They also made the first full-length theatrical film release of Batman in 1966, often promoted as Batman: The Movie. It was the only Batman movie to feature The Joker, The Riddler, The Penguin, and Catwoman all in one film.
Batman 1966 Series Theme and Intro
Batman Lives On
After the Batman series was canceled sales decreased drastically, but Batman lived on through comic books and graphic novels. Frank Miller's Batman: The Dark Knight Returns, which tells the story of a 50-year old Batman coming out of retirement in a possible future, reinvigorated the character. The comics sparked a major resurgence in the character's popularity.
The Batman comics garnered major attention in 1988 when DC Comics
created a 900 number for readers to call
to vote on whether Jason Todd, the second Robin, lived or died.
Voters decided in favor of Jason's death by a narrow margin of 28 votes. Robin dies in Batman: A Death In The Family.
Tim Burton's Batman
On July, 23 1989 Batman broke the opening weekend record set by Ghostbusters 2, grossing 43.6 million dollars. Batman was the first film to make over a 100 million dollars in the first ten days of release.The film is 42nd highest ever in North American ranks.
Although Indiana Jones and the Last
Crusade made the most money worldwide in 1989,
Batman was able to beat The
Last Crusade in North America,and made a further $150 million in home video sales.
Batman was criticized in some quarters for being "too dark". Many
observed that Burton was more interested in the Joker rather than
Batman in terms of characterization and screen time.
Comic book fans reacted negatively over the Joker murdering Thomas
and Martha Wayne. In the comic book, Joe
Chill is responsible. Writer Sam Hamm, who is a comic book fan, said
it was Burton's idea to have the Joker murder Wayne's parents. "The
Writer's Strike was going on," Hamm continued, "and Tim had the other
writers do that. I also hold innocent to Alfred letting Vicki Vale into
he reasoned. "Fans were ticked off with that, and I agree. That would
have been Alfred's last day of employment at Wayne Manor."
Batman (1989) Trailer
Batman: The Animated Series
Batman: The Animated Series, was the first Batman Cartoon (unless you count the 1966 series opening). The program was much more adult-oriented than previous typical superhero cartoon series. It was the first such cartoon in years to depict firearms being fired instead of laser guns (only one person has ever been actually depicted as shot; Commissioner Gordon in the episode "I Am the Night" was seen to have a gunshot wound after the firefight was finished), Batman actually punching and kicking the antagonists, as well as the existence of blood; in addition, many of the series' backgrounds were painted on black paper.
Starring Micheal Keaton as Batman, Chris O' Donnel as Robin, Danny Devito as The Penguin, and Michelle Pfeiffer as Catwoman.
Burton originally did not want to direct a sequel because of his mixed emotions toward the previous film. But, he received a script he liked and decided to go ahead with the film.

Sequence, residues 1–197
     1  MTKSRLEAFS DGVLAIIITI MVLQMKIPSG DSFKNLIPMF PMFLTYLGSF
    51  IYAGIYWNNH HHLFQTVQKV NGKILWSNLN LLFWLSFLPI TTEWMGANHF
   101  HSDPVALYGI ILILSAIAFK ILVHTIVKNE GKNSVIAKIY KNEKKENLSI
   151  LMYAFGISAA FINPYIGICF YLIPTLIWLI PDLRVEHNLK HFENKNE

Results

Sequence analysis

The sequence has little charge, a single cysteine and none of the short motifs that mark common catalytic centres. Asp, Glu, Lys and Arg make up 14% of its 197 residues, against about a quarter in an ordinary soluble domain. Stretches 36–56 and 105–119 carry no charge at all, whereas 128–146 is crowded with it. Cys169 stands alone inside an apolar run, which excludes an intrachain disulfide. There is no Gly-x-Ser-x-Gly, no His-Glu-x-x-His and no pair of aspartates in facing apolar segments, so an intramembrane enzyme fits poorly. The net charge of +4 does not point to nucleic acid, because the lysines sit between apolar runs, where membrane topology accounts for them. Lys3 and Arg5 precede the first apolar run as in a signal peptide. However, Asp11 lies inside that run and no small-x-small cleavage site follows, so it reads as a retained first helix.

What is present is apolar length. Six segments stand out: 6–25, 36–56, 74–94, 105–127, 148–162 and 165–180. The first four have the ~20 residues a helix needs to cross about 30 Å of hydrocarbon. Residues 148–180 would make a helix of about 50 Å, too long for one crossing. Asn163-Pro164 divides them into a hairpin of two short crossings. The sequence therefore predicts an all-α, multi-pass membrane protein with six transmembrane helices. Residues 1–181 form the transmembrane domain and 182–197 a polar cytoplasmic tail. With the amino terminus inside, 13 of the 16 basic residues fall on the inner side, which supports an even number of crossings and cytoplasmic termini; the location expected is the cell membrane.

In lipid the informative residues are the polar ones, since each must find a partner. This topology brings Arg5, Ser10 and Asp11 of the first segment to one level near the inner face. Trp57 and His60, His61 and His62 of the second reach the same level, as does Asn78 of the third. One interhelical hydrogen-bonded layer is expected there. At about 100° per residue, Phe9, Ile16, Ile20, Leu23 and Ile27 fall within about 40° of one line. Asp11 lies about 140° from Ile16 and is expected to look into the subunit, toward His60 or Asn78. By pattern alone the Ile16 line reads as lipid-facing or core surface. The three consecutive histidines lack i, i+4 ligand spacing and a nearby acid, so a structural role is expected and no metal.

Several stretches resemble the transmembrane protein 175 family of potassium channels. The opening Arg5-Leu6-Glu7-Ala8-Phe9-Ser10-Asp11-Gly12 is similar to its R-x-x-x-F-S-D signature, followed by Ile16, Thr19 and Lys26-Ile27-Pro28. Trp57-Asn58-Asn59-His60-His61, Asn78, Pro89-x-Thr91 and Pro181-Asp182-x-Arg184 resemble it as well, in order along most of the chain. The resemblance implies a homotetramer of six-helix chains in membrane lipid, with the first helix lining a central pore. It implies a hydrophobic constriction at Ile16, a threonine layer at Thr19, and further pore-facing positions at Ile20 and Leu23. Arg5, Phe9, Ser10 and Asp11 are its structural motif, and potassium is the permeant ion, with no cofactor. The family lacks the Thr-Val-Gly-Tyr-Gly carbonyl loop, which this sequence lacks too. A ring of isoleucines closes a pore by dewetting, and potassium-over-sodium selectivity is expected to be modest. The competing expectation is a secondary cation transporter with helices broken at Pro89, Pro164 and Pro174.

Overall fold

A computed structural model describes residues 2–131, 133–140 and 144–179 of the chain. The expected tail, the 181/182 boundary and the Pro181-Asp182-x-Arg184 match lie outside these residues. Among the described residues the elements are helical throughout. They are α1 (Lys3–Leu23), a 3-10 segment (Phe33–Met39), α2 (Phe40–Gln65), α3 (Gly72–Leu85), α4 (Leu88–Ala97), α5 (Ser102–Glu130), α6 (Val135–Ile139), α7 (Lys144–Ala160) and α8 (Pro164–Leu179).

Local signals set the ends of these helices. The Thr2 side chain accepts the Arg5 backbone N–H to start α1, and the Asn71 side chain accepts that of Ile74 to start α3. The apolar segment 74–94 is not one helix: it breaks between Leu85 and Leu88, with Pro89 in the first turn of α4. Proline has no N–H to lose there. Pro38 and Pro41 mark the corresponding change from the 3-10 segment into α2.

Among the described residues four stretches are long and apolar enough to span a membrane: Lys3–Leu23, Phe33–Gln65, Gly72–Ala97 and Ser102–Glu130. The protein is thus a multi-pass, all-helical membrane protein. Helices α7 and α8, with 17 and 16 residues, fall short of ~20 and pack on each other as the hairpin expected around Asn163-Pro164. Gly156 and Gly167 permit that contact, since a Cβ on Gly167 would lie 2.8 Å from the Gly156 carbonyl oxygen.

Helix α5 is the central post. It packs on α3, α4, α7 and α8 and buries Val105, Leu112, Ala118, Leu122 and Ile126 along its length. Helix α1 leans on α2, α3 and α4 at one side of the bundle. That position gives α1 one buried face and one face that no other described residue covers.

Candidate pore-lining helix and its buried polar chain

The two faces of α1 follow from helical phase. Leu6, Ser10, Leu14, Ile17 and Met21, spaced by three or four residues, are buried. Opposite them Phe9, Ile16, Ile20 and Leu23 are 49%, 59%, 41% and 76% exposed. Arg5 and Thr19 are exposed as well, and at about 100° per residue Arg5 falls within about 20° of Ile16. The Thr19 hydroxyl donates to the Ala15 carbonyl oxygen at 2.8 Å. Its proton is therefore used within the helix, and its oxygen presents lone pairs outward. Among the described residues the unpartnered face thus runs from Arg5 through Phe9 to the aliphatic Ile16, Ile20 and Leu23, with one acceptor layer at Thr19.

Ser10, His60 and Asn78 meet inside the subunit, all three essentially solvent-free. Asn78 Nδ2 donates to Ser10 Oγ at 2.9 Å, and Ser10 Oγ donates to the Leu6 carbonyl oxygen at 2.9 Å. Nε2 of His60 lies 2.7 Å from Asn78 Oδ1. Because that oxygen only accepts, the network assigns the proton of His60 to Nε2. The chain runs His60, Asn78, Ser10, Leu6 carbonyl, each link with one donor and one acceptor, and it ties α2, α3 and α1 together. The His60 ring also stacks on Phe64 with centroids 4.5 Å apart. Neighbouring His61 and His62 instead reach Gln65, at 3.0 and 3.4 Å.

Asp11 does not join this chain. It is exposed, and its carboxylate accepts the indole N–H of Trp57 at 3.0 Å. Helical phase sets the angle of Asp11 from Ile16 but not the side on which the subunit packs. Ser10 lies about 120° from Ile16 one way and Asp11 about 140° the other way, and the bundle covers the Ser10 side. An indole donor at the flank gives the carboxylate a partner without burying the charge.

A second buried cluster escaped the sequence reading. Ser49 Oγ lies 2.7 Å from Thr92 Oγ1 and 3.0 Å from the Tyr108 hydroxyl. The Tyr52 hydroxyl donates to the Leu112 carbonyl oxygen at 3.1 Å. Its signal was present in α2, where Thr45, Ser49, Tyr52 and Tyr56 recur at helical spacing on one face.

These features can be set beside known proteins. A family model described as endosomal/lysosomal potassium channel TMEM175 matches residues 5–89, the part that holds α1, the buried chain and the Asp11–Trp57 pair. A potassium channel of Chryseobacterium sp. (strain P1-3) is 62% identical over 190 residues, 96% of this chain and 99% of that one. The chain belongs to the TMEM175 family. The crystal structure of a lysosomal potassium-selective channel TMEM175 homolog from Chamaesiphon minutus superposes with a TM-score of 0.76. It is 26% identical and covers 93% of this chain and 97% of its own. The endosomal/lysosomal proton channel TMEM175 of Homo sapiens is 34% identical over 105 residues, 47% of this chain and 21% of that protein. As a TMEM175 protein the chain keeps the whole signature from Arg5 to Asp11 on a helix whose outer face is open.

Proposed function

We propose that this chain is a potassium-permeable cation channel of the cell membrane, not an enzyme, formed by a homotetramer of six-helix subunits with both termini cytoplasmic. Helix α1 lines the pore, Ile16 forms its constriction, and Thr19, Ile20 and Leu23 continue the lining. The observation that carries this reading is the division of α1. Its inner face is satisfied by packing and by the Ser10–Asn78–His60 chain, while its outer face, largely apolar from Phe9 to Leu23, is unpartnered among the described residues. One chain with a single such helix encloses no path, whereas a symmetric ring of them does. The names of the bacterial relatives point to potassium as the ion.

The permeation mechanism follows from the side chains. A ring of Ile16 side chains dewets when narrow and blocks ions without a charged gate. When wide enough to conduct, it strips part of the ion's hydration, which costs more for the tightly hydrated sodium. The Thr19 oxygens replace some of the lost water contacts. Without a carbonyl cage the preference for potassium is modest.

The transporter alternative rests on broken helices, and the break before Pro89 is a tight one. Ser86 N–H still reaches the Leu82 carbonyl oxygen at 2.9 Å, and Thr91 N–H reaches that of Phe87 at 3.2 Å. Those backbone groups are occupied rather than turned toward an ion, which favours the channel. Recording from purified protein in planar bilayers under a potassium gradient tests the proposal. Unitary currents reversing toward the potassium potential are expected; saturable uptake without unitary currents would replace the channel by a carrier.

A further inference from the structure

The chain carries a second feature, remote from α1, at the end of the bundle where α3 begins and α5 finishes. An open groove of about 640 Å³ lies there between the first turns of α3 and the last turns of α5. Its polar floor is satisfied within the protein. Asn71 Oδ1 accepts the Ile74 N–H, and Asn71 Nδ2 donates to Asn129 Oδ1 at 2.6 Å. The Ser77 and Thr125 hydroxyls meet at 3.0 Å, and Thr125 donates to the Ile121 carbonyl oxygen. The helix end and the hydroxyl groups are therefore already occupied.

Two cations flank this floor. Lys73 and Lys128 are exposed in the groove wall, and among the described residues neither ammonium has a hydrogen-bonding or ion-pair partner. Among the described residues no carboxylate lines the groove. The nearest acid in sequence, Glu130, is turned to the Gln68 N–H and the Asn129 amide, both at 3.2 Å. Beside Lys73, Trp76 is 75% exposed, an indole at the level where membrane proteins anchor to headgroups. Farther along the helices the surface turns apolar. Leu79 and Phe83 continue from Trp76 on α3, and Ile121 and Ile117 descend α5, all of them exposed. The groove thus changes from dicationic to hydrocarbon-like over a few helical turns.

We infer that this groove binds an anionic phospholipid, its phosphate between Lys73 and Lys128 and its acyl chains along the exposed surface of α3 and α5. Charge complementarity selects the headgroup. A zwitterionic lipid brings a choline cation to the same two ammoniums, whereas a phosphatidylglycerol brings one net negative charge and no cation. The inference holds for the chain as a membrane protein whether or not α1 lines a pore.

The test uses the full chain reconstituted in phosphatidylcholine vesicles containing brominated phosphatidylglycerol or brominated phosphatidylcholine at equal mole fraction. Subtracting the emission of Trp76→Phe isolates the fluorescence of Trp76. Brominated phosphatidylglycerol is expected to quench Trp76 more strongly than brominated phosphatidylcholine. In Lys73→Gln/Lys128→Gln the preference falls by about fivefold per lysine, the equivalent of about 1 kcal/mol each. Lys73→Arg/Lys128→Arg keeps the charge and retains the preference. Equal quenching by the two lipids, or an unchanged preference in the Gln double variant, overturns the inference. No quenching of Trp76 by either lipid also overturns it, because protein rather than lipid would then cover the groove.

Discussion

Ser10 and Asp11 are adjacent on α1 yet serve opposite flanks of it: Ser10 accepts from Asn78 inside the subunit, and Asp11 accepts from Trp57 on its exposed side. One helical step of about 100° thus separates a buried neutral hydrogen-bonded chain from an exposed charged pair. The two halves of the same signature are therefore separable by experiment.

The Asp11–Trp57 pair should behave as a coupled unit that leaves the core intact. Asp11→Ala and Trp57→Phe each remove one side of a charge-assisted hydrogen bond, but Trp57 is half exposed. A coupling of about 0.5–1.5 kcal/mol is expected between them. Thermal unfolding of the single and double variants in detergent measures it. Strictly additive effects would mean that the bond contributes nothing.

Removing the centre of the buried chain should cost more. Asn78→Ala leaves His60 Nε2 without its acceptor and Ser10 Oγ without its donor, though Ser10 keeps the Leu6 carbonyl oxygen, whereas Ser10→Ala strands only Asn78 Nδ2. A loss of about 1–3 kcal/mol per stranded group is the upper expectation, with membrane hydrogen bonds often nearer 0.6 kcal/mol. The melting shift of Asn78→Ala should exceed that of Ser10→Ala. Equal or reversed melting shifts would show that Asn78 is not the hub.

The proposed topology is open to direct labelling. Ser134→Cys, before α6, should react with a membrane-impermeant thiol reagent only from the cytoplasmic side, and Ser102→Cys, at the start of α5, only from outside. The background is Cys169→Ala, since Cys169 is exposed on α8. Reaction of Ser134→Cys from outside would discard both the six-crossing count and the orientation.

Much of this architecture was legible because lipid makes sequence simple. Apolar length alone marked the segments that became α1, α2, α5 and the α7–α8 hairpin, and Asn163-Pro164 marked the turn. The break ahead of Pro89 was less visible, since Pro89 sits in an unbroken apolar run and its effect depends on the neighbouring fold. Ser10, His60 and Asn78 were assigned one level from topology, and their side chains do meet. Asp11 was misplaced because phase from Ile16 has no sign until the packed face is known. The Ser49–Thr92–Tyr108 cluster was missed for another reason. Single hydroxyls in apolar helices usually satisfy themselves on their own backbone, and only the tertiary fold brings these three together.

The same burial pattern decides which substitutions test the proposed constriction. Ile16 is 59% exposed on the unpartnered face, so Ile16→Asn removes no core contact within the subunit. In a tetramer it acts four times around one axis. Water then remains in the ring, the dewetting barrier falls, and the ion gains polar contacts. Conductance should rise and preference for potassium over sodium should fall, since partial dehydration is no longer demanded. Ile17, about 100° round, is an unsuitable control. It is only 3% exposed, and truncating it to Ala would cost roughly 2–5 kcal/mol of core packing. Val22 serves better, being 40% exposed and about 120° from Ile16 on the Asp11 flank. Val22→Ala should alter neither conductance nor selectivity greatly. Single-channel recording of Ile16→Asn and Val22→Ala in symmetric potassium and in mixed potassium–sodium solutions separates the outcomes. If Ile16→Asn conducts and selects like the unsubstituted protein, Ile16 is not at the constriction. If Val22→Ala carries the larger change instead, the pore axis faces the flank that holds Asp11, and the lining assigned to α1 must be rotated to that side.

Batman Returns was released in America on June 19, 1992, earning $45.69 million in 2,644 theaters on its opening weekend.
Animal rights groups started protesting the film after finding out that penguins would have rockets strapped on their backs. Richard Hill, the curator of the penguins explained that Warner Bros. was very helpful in making sure the penguins were comfortable. "On the flight over the plane was refrigerated down to 45 degrees," recalls Hill. "In Hollywood, they were given a refrigerated trailer, their own swimming pool, half-a-ton of ice each day, and they had fresh fish delivered daily straight from the docks. Even though it was 100 degrees outside, the entire set was refrigerated down to 35 degrees."
Starring Val Kilmer as Batman, Jim Carry as The Riddler, Tommy Lee Jones as Two-Face, and Nicole Kidman as Dr. Chase Meridian.
The film had a change in tone compared to the previous installments, more family-friendly, since Warner Bros. considered that the previous film, Batman Returns, underperformed at the box office due to its violence. Production was troubled, with many actors considered for the main roles, and Kilmer entering in conflicts with the rest of the crew. Batman Forever received mixed reviews upon release, but outgrossed Returns with over $336 million worldwide.
Joel Schumacher (director) had problems filming with Kilmer, whom he described as
"childish and impossible", reporting that he fought with various
crewmen, and refused to speak to Schumacher during two weeks after the
director told him to stop behaving in a rude way.
Schumacher also mentioned Tommy Lee Jones as source of trouble: "Jim
Carrey was a gentleman, and Tommy Lee was threatened by him. I'm tired
of defending overpaid, overprivileged actors. I pray I don't work with
Batman & Robin
Starring George Clooney as Batman, Chris O' Donnell as Robin, Uma Thurman as Poison Ivy, Arnold Schwarzenegger as Mr. Freeze, and Alica Silverstone as Batgirl.
Batman & Robin was released on June 20, 1997 in North America, earning $42,872,605 in its opening weekend,making it the third-highest opening weekend of 1997.However, the film rapidly declined with a 63% second week plunge. Many observers based the second week drop on negative word of mouth.